Cinco de Mayo fiestas abound north of the border. But do you know the history of this Mexican holiday and how it came to be popular in this country? Here are five interesting tidbits about one of our favorite holidays:
Next Slideshow: 6 Afro-Latinas Who Are Changing the World!
Cinco de Mayo 101
The holiday commemorates the victory of a Mexican army over the French in Puebla (east of Mexico City) on May 5, 1862, during a period of political unrest that left Mexico nearly broke. Earlier, President Benito Juarez had suspended payment on all foreign debt, while several countries attempted to invade Mexico – only the French persevered with the intent of building an empire in North America. Mexico's jubilation over its Puebla win didn't last. The French later occupied Mexico and ruled it until 1867.
Cinco de Septiembre?
Like identical twins, Cinco de Mayo and Dieciséis de Septiembre often get mixed up. The latter holiday, Sept.16, celebrates Independence Day. Mexico's struggle to break free from Spanish rule finally came to fruition that day in 1810. In Mexico, 16 de Septiembre is by far the most significant and celebrated on a wider scale, as opposed to Cinco de Mayo.
Cultural pride or just plain fiesta?
Although Mexican immigrants celebrated Cinco de Mayo even back in the 1860s, some researchers attribute the first recognized festival to California college students who adopted the holiday as a way to honor their Mexican heritage during the 1960s, a decade of cultural and political awakening for the sons and daughters of immigrants. Critics today say the holiday has succumbed to commercialism (margaritas and sombreros, anyone?) and various efforts are underway across the country to promote the original meaning of the holiday.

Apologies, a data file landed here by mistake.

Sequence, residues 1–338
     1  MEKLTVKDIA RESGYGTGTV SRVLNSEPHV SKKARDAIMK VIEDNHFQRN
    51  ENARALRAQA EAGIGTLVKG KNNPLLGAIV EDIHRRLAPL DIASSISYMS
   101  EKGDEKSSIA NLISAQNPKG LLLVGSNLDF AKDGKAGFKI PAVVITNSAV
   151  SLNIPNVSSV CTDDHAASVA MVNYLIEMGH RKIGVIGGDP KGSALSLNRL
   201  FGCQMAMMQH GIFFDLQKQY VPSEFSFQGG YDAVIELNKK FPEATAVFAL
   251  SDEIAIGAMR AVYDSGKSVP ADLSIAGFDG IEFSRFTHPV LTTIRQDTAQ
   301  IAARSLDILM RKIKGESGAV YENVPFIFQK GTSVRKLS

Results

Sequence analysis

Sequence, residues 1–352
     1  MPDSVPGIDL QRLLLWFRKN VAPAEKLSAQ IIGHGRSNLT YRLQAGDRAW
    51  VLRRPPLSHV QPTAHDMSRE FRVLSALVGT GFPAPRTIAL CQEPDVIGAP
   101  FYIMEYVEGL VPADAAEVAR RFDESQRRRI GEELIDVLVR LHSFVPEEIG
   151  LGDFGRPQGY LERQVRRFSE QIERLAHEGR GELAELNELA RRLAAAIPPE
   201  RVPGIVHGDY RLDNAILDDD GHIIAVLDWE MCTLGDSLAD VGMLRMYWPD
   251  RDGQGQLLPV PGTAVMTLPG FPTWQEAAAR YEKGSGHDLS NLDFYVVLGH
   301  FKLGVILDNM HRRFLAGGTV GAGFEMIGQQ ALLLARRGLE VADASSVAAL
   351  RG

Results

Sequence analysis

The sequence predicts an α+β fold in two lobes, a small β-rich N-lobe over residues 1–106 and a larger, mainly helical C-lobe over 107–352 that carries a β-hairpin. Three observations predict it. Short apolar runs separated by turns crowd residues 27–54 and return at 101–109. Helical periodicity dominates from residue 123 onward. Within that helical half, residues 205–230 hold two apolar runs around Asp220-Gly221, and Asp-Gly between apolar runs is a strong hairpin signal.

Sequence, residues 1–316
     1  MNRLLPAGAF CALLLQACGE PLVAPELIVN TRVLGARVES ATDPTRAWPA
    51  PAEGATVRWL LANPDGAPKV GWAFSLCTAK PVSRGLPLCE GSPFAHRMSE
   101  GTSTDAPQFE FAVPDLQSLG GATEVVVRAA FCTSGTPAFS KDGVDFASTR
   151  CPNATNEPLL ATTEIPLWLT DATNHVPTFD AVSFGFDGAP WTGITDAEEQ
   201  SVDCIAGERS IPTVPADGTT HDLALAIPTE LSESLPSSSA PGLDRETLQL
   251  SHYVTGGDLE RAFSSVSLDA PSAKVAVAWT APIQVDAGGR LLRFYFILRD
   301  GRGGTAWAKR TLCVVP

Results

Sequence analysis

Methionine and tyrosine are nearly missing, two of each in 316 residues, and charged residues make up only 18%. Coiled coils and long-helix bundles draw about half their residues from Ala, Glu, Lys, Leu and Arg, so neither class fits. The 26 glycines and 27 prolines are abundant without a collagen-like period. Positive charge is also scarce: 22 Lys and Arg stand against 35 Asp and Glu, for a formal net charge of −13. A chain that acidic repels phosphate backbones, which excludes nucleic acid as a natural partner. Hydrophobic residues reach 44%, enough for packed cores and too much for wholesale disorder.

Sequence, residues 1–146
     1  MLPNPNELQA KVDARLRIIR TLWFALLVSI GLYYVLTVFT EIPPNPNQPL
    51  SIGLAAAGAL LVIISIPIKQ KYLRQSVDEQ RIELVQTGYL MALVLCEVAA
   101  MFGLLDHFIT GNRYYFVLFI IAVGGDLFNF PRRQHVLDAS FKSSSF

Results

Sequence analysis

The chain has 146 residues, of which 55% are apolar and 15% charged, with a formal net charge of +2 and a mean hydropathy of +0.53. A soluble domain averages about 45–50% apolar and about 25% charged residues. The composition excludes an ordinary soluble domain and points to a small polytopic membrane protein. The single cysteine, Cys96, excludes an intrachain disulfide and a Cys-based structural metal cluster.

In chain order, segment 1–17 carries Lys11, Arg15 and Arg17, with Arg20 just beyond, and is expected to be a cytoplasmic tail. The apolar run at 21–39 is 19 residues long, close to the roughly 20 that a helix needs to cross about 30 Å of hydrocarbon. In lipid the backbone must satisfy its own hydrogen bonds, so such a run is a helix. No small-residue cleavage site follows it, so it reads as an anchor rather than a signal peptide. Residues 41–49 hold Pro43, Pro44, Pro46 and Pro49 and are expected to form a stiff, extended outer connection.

A celebration for every taste
Los Angeles holds what is promoted as the largest worldwide Cinco de Mayo celebration, which attracts more than a half million festival-goers each year. Many other cities hold other unique events. In Chandler, Ariz., the Cinco fiesta showcases Chihuahua dog races and in Dallas, throngs of Texans turn out to watch a parade with floats, a marching band and cheerleaders. Texans claim a special connection to the holiday: the general who led the Mexican army was Ignacio Zaragoza, born in what is now the Goliad region of the state.
Food, food and more food
No Cinco de Mayo fiesta is complete without such food staples such as tacos, tostadas, flautas. Another favorite? Guacamole served with corn chips or as a side dish. This year, revelers are expected to use an estimated 81 million pounds of avocados, according to the California Avocado Commission. (We’re definitely not complaining about that. Pass the dip!)